Razz, well said so true they all have plutonium just varying degrees as the MOX has it tad more? I think that's the case and you are so right about how little we know concerning the amounts. If only the Japanese Govt. had distributed the PI pills to Tokyo but in all honesty I don't think the US would have been any more forthcoming. ThreeMile Island comes to mind. Sorry I was wandering off topic Thanks again Razz for all the info.


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        • razzz razzz

          I read, typical new fuel rods contain zero plutonium and spent fuel rods contain 1% plutonium after being removed from the reactor for cooling and long term storage. Plutonium being one of many byproducts from fissioning uranium.

          This is a long scary read and you can imagine the problems dealing with nuclear wastes, as most all of it sits waiting for its final resting place…
          http://en.wikipedia.org/wiki/Radioactive_waste
          …impart…

          "…In second half of 20th century, several methods of disposal of radioactive waste were investigated by nuclear nations.[33] Which are;

          "Long term above ground storage", not implemented.
          "Disposal in outer space", not implemented.
          "Deep borehole disposal", not implemented.
          "Rock-melting", not implemented.
          "Disposal at subduction zones", not implemented.
          "Ocean disposal", done by USSR, UK, Switzerland, USA, Belgium, France, Netherland, Japan, Sweden, Russia, Germany, Italy and South Korea. (1954–93) It's not permitted by international agreements.
          "Sub seabed disposal", not implemented, not permitted by international agreements.
          "Disposal in ice sheets", rejected in Antarctic Treaty
          "Direct injection", done by USSR and USA…"


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  • Jebus Jebus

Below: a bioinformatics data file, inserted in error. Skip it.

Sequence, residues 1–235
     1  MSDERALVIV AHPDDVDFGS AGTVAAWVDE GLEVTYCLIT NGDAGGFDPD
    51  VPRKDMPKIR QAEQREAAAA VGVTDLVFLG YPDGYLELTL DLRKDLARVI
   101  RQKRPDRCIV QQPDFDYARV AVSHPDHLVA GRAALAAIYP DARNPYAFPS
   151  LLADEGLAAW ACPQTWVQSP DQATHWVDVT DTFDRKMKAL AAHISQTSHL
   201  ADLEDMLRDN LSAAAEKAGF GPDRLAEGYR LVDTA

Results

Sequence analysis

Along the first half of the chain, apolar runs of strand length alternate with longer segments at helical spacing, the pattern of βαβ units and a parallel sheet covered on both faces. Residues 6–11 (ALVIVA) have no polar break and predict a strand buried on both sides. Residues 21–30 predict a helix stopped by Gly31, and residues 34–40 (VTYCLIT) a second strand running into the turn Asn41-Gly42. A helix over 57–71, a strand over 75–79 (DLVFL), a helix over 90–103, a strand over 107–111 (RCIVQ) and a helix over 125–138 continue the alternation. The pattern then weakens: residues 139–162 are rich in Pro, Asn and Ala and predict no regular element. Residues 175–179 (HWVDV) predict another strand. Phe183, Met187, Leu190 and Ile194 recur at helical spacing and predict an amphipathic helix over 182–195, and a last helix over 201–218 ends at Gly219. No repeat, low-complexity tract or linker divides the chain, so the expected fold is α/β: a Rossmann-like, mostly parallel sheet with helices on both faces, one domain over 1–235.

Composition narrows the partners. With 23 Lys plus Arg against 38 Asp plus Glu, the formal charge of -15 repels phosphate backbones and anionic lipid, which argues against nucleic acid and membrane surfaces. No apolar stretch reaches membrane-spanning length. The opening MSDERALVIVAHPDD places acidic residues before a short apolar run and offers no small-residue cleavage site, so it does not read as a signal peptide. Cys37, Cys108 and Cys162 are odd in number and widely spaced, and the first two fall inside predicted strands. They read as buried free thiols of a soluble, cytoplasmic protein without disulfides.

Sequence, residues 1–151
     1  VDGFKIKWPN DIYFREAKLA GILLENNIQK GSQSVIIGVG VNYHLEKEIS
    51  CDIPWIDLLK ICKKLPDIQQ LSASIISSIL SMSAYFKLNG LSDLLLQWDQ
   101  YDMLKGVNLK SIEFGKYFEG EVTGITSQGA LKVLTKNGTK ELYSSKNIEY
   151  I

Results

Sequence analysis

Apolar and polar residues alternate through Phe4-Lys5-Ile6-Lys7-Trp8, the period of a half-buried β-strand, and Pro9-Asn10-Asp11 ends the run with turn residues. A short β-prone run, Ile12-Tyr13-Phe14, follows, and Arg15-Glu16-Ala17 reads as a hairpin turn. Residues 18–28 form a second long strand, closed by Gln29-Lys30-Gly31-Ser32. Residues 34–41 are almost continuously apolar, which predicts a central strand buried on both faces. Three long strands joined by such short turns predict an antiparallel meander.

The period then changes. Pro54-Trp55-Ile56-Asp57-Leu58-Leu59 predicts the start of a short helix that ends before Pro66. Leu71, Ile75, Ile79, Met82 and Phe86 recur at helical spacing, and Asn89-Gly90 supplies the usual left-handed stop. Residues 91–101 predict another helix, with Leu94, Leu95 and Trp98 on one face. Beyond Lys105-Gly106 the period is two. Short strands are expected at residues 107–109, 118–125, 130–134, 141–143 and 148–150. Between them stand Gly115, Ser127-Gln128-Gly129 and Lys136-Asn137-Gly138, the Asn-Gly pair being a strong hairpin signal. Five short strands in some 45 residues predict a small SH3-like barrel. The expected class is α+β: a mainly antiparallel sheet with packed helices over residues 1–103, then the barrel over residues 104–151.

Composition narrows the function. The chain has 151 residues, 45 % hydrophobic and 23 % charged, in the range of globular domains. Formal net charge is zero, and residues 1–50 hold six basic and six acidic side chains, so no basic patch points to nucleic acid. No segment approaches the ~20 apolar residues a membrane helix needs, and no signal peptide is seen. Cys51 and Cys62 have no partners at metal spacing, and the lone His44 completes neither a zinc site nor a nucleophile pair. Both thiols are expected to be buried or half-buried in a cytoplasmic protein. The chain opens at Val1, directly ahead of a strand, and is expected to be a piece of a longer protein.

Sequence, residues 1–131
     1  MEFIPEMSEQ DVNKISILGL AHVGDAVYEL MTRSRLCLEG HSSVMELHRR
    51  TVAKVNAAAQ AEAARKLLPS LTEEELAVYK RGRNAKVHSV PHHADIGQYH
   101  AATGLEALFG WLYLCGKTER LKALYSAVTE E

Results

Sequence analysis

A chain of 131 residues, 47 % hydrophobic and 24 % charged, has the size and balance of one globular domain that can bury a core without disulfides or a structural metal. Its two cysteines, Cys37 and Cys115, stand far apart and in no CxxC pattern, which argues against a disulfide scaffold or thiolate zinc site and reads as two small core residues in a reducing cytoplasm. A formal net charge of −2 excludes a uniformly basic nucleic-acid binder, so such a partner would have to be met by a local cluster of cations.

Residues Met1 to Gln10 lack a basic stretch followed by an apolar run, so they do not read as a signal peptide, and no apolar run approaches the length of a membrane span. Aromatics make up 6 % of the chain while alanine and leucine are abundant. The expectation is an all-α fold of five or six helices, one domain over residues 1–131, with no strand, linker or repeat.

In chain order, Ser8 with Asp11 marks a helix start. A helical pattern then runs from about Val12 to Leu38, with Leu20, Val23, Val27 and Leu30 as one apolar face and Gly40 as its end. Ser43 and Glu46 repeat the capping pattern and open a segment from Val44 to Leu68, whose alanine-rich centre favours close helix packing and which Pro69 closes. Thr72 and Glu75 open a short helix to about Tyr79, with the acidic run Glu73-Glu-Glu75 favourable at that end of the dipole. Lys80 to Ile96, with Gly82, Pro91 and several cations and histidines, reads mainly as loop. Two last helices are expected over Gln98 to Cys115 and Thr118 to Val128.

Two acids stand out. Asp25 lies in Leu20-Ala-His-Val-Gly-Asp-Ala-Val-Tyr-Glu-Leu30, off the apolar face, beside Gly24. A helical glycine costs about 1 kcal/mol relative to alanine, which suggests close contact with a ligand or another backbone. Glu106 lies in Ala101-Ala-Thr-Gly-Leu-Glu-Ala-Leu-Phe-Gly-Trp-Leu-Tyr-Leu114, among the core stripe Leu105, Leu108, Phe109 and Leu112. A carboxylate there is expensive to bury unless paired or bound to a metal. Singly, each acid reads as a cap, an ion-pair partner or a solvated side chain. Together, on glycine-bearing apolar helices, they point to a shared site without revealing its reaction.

Just think of reactor #3. sitting there on 3/12 and 3/13 of 2011.
    Percolating away at what? 1000 psi, corium at 2000, 3000 degrees? More?
    Melting, mixing, transmutating, creating all hells concoctions of radioactive isotopes. Heating up incrementally, boiling away the water thats still there, as the hours tic away.

    Then BLAM!

    If I put a pork roast in a pressure cooker on my stove, turned it on high, corked the vent with the wrong weight and left for a day, wouldn't I expect to come home and find pork roast everywhere in my kitchen? That's if the kitchen was still there…


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    • razzz razzz

      You have to look at Unit 2 and its venting through that missing side panel. Because it vented, it did not suffer a hydrogen explosion in the secondary containment that being inside the building itself.

      Unit buildings 1,3 & 4 all trapped hydrogen and blew up.

      Unit 3's explosion presumes there was enough water present to cause a steam explosion but you need a heat source to flash water to steam so that leaves a rattling of pool fuel rods via the initial hydrogen explosion to cause Arnie's 'criticality' with heat and energy then releasing. Probably all three happened, hydrogen, steam and criticality. Byproducts of the explosion would prove or disprove events. Certainly launched solids and vapors.

      Remember TEPCO in their infinite wisdom decided to weld shut the Unit's vent side panels, deemed an eye sore if opened or would induce panic if shown open. Hadn't been done at Unit 2 yet. The panels were to crack open during pressure events, like tornadoes, to help relieve air pressure stresses inside the buildings. The panels if not welded shut, would have saved Units 1,3 & 4 from disintegrating. Probably, but not prevented much else from happening, like meltdowns. Still, instead of sending fallout globally, fallout would have stayed localized until it found avenues to the ocean.

      I might be guessing but so is TEPCO.